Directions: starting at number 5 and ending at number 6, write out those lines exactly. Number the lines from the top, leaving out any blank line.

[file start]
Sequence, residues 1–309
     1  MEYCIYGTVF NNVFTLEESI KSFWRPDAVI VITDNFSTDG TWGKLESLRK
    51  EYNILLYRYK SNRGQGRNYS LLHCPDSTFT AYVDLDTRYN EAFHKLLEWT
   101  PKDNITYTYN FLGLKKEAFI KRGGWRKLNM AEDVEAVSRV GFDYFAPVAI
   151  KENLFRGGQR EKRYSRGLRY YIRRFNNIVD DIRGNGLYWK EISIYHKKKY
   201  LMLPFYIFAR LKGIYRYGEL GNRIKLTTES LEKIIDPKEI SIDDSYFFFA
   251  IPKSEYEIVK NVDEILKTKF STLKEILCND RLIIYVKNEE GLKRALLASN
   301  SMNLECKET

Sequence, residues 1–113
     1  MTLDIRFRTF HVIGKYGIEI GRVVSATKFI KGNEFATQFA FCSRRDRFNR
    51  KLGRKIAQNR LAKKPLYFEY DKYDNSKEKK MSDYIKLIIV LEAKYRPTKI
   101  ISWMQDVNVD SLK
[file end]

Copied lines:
   151  KENLFRGGQR EKRYSRGLRY YIRRFNNIVD DIRGNGLYWK EISIYHKKKY
   201  LMLPFYIFAR LKGIYRYGEL GNRIKLTTES LEKIIDPKEI SIDDSYFFFA